Why should OT address incontinence?
Incontinence negatively impacts occupations. When urinary and bowel leakage are in the mix, it can definitely reduce people's goal achievement, and their quality of life. 45% of clients receiving home health care reported having difficulty with bladder and bowel control. We are seeing this a lot in home care, skilled nursing facilities, and hospitals. OT evaluations address multiple areas of occupational performance directly related to incontinence including:
- Musculoskeletal deficits
- BADL and IADL routines
- Activity tolerance
- Fine motor control
- Equipment needs
We want to address whether they can safely get to and from their toilet. We want to also look at cognition to see if they can sequence through a toileting routine safely and well. We look at transfers, ADL routines, activity tolerance, mood, positioning, and pain. These are all the things that we should be addressing in a standard OT evaluation. With pain, you can take it one step further and ask if they ever have pain during a bowel movement or when they cannot go to the bathroom. Do they have pain with urination? If somebody has Parkinson's or an issue with their hands, can they get their buttons and zippers undone, pull their pants up and down, and can they open the package that the incontinence products come in? We also want to look at hygiene. How are they bathing and are they doing a good job in the shower? Can they get cleaned up well when they are on the toilet? If you add incontinence on top of that, things can become even more challenging.
Furthermore, occupational therapy practitioners have different roles in different settings. The type of setting you are in may dictate that you address incontinence issues slightly differently.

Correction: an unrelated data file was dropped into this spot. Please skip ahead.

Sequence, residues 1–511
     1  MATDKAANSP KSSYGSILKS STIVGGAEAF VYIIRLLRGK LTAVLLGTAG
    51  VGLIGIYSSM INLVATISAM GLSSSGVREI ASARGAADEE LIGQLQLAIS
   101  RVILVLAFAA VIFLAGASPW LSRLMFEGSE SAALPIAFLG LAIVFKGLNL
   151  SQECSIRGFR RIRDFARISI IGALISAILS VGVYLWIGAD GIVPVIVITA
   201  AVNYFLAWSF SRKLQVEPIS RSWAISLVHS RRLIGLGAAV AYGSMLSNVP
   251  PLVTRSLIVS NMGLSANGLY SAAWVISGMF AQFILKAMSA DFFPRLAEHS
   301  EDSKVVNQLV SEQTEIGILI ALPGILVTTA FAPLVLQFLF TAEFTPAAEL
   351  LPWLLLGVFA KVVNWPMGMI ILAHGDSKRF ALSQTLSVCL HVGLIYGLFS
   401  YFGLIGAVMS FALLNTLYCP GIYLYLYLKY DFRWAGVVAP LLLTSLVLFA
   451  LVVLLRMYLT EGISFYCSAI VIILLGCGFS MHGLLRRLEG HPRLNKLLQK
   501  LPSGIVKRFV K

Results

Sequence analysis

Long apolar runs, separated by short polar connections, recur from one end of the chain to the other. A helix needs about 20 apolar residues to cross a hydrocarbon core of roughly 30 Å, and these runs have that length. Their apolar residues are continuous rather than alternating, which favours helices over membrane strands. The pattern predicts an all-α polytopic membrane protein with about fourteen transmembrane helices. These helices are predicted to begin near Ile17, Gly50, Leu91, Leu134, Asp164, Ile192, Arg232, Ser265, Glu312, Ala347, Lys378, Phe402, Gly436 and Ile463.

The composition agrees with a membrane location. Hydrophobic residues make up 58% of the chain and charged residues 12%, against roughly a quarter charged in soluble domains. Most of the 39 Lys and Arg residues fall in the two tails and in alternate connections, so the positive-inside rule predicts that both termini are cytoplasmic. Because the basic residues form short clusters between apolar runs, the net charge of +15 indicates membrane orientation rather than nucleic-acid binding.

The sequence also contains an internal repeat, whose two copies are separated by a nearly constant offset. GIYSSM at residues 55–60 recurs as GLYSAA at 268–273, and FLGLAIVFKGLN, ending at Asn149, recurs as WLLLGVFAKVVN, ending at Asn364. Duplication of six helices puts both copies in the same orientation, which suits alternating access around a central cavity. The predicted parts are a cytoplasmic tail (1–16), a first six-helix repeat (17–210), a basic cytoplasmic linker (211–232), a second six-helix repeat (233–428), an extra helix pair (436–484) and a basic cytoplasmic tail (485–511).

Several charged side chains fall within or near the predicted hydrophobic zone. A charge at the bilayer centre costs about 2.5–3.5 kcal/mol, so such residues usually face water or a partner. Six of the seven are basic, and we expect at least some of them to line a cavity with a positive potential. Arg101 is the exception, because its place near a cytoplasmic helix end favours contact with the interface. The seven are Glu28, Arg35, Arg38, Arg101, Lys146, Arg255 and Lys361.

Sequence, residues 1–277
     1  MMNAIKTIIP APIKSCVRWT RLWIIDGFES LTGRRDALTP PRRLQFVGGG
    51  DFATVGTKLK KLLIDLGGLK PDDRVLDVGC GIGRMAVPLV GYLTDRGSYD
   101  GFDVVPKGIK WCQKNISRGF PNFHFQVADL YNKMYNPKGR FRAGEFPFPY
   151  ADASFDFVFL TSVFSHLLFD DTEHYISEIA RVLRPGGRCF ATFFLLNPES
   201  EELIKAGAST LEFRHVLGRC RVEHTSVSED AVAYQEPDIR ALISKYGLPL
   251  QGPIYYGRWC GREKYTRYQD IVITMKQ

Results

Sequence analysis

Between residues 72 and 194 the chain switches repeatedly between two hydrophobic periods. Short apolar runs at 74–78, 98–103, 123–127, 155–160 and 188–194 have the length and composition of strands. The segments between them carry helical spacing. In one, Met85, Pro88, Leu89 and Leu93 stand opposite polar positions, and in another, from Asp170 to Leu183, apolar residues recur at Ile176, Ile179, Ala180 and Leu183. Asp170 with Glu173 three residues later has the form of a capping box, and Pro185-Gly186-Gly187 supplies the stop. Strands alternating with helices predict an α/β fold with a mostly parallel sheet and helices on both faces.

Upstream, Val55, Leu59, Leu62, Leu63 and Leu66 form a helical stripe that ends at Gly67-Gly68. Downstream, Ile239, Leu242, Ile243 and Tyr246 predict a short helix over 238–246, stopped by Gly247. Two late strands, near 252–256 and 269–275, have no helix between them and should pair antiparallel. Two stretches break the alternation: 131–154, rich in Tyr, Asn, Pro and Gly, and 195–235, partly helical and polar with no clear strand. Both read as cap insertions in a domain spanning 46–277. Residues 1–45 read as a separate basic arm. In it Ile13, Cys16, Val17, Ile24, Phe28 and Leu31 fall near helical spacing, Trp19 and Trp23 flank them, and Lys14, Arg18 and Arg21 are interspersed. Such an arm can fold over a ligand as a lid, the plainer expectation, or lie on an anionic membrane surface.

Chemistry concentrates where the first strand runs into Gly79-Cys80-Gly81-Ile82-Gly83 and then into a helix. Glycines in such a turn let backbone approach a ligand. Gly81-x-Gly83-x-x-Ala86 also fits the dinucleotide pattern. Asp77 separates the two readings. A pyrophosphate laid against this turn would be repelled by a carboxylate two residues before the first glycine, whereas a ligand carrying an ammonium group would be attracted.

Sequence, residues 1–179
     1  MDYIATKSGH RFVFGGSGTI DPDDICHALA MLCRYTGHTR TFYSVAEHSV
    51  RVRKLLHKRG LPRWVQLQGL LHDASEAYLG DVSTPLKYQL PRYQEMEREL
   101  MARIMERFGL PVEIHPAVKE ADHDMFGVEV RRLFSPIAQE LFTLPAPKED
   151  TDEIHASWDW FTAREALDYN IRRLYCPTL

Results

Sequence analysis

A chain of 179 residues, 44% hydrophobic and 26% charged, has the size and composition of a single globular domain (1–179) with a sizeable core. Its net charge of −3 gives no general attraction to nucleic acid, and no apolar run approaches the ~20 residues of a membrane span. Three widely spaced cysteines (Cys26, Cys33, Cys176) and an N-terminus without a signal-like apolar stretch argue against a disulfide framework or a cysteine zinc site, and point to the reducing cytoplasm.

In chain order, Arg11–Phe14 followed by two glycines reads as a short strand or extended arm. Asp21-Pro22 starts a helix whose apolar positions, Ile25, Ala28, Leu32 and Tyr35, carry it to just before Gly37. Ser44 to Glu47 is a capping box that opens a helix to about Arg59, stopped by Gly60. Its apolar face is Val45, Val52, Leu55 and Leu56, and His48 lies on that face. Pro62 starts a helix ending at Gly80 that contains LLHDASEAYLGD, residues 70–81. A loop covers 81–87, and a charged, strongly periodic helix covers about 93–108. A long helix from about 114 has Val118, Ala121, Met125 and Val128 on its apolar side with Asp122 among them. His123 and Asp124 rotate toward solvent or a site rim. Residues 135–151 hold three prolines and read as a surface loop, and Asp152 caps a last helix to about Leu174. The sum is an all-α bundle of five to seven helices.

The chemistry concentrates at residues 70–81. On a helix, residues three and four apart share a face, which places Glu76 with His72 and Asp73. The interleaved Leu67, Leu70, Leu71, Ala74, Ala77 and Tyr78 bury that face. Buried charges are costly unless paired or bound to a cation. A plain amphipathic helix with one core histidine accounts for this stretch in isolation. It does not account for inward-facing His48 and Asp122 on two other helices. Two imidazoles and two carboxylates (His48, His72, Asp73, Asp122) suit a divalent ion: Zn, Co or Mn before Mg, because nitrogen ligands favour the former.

It depends on what type of hospital setting, but you may not feel like you have the time to address incontinence in this setting. However, if you are in a rehab type hospital setting, you might be able to talk about incontinence. It might be as easy as grabbing your client's hand and letting them know, that with the onset of an illness or with surgery, that they can have an increase in bowel and bladder dysfunction. You can go over this with them, and it may reduce their anxiety. You can begin to educate them on their options as they go through rehab, even if you are only going to be seeing them for a short period of time. We may be the only one disseminating this type of information. Occupational therapists are already addressing ADL's so it is a natural transition into addressing bowel and bladder health in a practical, non-threatening way.
Skilled Nursing Facility
There are lots of opportunities for OTs to address incontinence in a skilled nursing facility. We spend a lot of time talking with clients and building relationships. We end up getting a lot of personal information from them that they may not be sharing with other medical professionals or their families. We can integrate incontinence issues into our goals. We can take some leadership opportunities here to start talking about incontinence with nursing, dietary, and the activities department. Of course, there has to be a team approach where people are open-minded to discuss incontinence with you. I have had several presentations with these disciplines that have been very helpful and has enhanced the programming at different skilled nursing facilities.
In outpatient, it can be a little bit different. Typically, you address more specific things, and the client may be more advanced in their training. However, this does not mean that you cannot start integrating an incontinence program in an outpatient setting as this is where those, with incontinence that is more advanced, are referred. Pelvic pain and prolapse are treated by a specialist, but an OT would look at things more holistically by tying clients' abilities to engage in their ADLs. We can really enhance our treatment plans around incontinence using that framework.